[london.food] Carbonnade Flamande

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From: Joel Bernstein
Subject: [london.food] Carbonnade Flamande
Date: 23:56 on 15 Mar 2007
I made this tonight, vaguely inspired by something I had in a Belgian
restaurant a while ago. Thought it was very good so wrote up a recipe.

Carbonnade Flamande with Prune and Apple

This is a Belgian dish, beef shoulder stewed in sweet brown beer with
caramelised onions. I've added apple, prunes and nutmeg, which make a 
delicious contrast with the beef and work very well with the beer. I 
used Leffe Brune this time, which was surprisingly delicious. In the 
past I've had Carbonnade with Orval or Chimay Blue, which work very 
well. I'd like to try it with a gueuze or that sour red Belgian beer 
which tastes more like wine...

If you're improvising with the beer, try and get something sweet, brown
and malty. Not stout, not porter, something sweet and rounded.

Preparation time: <30 minutes
Cooking time: around 2 hours

    * 1 kg cubed shoulder beef
    * 3 rashers smoked bacon, chopped into 1cm pieces
    * 5 large shallots, sliced
    * 2 small red onions, sliced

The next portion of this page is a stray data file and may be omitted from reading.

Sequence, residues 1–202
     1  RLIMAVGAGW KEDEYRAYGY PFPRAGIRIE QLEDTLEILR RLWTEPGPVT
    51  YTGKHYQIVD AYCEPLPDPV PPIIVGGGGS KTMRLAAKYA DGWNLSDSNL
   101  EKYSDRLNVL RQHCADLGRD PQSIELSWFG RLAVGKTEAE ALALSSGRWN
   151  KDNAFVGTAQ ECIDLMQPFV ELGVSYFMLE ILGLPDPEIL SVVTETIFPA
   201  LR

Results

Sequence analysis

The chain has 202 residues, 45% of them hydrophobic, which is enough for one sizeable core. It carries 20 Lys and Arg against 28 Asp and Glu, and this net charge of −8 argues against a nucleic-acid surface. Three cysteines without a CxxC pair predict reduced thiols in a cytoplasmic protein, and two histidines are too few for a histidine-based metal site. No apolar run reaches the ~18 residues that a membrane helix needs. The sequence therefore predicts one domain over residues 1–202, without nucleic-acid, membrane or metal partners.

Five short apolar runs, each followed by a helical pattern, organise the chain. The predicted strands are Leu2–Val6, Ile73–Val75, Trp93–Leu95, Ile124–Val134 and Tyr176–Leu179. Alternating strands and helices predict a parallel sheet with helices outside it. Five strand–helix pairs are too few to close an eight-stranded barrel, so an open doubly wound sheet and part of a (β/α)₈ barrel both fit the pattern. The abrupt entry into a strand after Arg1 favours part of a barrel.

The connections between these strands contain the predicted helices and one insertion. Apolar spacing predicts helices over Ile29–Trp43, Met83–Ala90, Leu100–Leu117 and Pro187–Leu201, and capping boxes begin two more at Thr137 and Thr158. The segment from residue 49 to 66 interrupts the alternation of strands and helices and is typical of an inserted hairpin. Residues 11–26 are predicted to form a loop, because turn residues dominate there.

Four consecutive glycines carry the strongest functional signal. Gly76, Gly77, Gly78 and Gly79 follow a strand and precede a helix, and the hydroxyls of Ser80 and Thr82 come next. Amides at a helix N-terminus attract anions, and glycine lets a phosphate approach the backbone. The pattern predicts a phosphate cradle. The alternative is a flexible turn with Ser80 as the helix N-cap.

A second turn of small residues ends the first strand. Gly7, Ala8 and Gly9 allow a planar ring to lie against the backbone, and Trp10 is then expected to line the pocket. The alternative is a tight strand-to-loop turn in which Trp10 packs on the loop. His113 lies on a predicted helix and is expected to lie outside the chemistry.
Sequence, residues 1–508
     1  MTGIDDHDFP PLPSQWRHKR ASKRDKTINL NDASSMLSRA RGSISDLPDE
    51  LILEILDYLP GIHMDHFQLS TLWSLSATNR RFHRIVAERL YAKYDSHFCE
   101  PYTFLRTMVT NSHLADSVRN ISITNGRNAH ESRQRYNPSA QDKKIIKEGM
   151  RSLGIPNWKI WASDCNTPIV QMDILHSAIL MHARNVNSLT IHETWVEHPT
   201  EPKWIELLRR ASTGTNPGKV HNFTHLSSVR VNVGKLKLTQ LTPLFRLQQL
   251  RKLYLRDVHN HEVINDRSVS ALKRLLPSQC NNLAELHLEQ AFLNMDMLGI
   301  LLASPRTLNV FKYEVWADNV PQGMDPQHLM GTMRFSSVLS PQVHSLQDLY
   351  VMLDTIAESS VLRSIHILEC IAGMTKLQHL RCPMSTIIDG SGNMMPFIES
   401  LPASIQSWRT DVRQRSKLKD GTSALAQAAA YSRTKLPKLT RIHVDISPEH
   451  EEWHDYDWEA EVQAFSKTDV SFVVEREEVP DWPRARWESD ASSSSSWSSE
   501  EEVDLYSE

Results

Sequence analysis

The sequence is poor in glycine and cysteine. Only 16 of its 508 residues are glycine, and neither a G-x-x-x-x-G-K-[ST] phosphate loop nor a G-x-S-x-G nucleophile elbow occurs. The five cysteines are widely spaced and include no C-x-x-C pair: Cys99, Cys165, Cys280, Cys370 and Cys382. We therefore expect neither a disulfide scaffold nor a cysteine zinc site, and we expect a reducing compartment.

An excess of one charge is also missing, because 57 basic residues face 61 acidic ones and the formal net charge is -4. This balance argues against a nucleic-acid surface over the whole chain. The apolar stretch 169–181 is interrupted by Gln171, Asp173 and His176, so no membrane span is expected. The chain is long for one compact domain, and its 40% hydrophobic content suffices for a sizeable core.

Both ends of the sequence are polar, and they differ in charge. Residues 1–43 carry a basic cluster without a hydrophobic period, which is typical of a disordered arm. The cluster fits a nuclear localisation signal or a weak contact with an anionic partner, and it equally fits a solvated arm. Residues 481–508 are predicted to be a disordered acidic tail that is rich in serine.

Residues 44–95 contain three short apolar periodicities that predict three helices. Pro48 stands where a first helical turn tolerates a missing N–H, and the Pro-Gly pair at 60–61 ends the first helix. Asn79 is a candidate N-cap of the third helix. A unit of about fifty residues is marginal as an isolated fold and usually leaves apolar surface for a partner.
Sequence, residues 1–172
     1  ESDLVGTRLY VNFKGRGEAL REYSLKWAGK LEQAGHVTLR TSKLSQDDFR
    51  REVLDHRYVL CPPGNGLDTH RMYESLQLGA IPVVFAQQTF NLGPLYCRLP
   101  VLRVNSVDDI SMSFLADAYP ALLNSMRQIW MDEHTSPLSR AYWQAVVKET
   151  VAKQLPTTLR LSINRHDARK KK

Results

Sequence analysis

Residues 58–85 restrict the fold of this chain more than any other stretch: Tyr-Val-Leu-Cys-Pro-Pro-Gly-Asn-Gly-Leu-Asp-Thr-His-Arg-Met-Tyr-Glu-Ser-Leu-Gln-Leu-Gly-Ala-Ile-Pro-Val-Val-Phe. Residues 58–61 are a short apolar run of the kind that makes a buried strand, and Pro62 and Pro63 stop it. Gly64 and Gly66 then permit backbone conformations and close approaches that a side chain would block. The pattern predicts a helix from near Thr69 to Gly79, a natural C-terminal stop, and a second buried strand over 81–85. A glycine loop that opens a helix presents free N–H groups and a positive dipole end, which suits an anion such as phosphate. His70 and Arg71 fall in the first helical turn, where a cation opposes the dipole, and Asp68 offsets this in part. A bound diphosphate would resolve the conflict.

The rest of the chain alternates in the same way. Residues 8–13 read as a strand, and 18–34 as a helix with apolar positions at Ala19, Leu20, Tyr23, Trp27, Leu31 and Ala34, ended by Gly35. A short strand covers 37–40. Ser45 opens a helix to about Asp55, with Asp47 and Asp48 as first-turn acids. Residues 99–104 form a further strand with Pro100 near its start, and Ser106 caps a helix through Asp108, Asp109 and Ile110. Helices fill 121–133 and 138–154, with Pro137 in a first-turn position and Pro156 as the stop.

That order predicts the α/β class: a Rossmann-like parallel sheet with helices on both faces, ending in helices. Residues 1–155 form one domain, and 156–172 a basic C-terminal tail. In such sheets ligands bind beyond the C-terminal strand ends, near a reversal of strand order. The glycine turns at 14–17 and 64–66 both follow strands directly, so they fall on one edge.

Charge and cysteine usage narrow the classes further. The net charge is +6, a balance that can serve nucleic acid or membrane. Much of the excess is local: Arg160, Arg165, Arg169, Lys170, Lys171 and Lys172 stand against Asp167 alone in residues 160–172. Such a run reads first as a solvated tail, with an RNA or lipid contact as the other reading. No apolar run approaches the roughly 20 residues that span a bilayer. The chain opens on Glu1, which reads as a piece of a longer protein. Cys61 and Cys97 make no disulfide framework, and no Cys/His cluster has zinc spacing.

* 1 tablespoon brown sugar
    * 1 tablespoon flour
    * 500 ml bottle Belgian ale
    * 750 ml strong beef stock
    * 15 semi-dried prunes
    * small crisp eating apple (Cox's works well), peeled and cut into 
    * 2-4 bay leaves
    * 5 stalks fresh thyme
    * 1/2 teaspoon grated nutmeg
    * salt and pepper
    * chopped parsley
    * wholegrain mustard

Season the beef with salt and pepper, and brown well in a dash of oil 
over a medium heat in a heavy-bottomed pot. Add half a teaspoon of 
mustard while it browns, if you like. Set the browned meat aside and 
deglaze the pot with a splash of beef stock, scraping up any browned 
bits. Save the broth and bits with the beef. 

Drop the bacon into the pot and fry over a medium-high heat until it 
browns.  Allow the fat to render and run off before removing the bacon 
with a slotted spoon and putting it with the beef. 

Pour the sliced onions into the bacon fat and fry gently for 3 or 4 
minutes with the lid on, until they begin to soften. Sprinkle on the 
brown sugar and stir in well - this will help to caramelise the onions,
giving them a sweet brown flavour. Cover again and cook gently until 
the onions are soft and golden, about 10-15 minutes. Sprinkle over the 
flour, stirring it through the frying onions for a moment and allowing 
it to soak up the fat. Return the beef, bacon and any collected juices 
to the onions in the pot, and let them heat up again. 

Now turn up the heat and pour in the beer. Once it stops frothing, add 
the stock, bay leaves, thyme, five prunes, and half the nutmeg. Bring 
it to the boil, and simmer gently for an hour on a low heat, stirring 
occasionally to prevent burning. 

After an hour, add the rest of the prunes, the nutmeg, and the apple 
slices.  Simmer for another 30-60 minutes until the meat is tender and 
the sauce is thick and delicious. Before serving, stir through a 
teaspoon of seeded mustard and some chopped parsley.


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